Sex is a big factor in any relationship, and having too much of it, too little, or just the right number differs for everyone. What everyone wants though, is to have an amazing sex life without the pressure. Certified sex therapist and couples’ counselorJessa Zimmerman shares some strategies that gets things going, starting from the very beginning of how to start talking about sex with your partner. She clarifies the vague and elusive term “sexless relationship,” and talks about the importance of making sex about connection instead of using it to make yourself feel better. She also tackles the myths and norms that people have misinterpreted about sex drives and desires.
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How To Have An Amazing Sex Life Without The Pressure With Jessa Zimmerman
I hope you’re having a wonderful day and everything is great. We are going to get down and dirty with my favorite topic of all time which you know is sex. I’m thrilled because I have one of my favorites, this is it, it’s a sex therapist in the house. Everybody knows who you are, because I was lucky enough to find you on a podcast website that we both share and we both know each other from this. Jessa Zimmerman is a certified sex therapist and couple’s counselor. She specializes in helping couples who have a good relationship, but who are avoiding sex because it’s become stressful, negative, disappointing or pressured. She educates coaches and supports people as they go through her nine-phase process that allows them real-world practice in changing the relationship with their sex life. She’s the author of Sex Without Stress and the host of The Better Sex Podcast. She’s regularly featured, expert in the media, including Refinery29, Business Leader Insider, MindBodyGreen and Marriage.com. Hi Jessa, how are you?
I’m glad you’re here.
Thank you so much for having me.
I love this topic, it’s my favorite because I feel people are stressed out about sex and they shouldn’t have to be.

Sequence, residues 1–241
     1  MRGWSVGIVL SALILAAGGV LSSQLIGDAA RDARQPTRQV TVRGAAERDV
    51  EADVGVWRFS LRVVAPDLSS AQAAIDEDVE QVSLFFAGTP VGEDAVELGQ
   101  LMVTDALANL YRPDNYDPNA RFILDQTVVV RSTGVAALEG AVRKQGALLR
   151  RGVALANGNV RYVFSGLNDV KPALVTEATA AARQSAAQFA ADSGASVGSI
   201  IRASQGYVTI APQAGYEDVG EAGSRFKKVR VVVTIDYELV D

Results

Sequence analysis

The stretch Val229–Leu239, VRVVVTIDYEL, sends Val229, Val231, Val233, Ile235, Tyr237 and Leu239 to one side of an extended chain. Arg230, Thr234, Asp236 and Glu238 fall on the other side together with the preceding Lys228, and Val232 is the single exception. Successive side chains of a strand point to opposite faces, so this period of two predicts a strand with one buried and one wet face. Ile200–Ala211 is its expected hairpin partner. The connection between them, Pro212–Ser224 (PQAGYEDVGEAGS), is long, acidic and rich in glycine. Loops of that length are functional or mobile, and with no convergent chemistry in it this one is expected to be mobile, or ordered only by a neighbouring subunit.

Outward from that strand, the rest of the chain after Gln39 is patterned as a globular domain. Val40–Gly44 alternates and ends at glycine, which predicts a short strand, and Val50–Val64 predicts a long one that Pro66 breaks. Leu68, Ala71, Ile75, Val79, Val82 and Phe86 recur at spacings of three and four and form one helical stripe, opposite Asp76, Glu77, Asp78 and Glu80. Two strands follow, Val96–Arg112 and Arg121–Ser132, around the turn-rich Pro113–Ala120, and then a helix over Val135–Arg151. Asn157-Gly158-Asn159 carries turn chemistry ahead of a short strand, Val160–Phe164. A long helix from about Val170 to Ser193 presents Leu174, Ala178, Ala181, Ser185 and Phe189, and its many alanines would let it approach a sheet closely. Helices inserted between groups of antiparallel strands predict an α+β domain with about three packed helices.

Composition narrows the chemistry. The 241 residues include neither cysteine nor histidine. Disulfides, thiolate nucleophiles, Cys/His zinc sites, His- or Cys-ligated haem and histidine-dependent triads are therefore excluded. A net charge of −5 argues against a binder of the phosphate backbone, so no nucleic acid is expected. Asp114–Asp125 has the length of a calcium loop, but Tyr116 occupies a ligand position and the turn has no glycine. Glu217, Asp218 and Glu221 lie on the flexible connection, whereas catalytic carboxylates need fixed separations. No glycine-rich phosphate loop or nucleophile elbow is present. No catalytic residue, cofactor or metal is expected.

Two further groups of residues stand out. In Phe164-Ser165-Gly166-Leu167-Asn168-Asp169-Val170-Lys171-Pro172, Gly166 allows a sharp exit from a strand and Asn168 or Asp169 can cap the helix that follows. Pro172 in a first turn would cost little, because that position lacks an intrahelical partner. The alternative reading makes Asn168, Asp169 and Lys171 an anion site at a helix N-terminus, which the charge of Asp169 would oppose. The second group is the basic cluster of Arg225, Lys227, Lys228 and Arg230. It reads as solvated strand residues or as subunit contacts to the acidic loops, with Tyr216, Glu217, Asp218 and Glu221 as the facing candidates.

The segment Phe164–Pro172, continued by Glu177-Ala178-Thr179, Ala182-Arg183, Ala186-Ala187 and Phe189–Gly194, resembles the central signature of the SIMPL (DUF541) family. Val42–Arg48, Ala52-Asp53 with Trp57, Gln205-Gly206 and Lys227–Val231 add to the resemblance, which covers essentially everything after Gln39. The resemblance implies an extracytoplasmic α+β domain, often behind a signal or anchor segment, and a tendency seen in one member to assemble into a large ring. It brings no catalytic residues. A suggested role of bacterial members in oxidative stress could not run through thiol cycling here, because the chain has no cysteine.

It’s a common problem.
Tell me what you do, what you’re all about and what’s your favorite thing to talk about?
Sex is my favorite thing to talk about. I have a private practice in Seattle where I live. I work almost exclusively with couples who are struggling with sex. I do a little bit of individual work around sex therapy too, but mostly couples. I have such a passion for helping people who are finding sex stressful when they don’t have to and especially when the rest of their relationship is working well. This is what trips them up.
Isn’t that crazy?
I might have thought it was crazy until I realized how incredibly common it is.
You have this nine-step phase. Explain that to me. It’s different than your typical everyday sex therapy.
I’m sure the aspects of what I’m talking about are part of sex therapy with all therapists, it’s was my way of organizing how I think about the trouble people are getting into and what’s important for them to address. Some of it has to start first with some mindset changes, almost myth-busting. People are getting caught in what I’ve come to term the sexual avoidance cycle. That’s where when people have sex that doesn’t live up to their expectations somehow. If that happens once or twice, it’s not too big a deal, but if this is a recurring problem and when they have sex, they almost feel worse than when they started.
Amazing Sex Life: Once people start to take their partner’s lack of interest personally, over time, sex takes on a different meaning.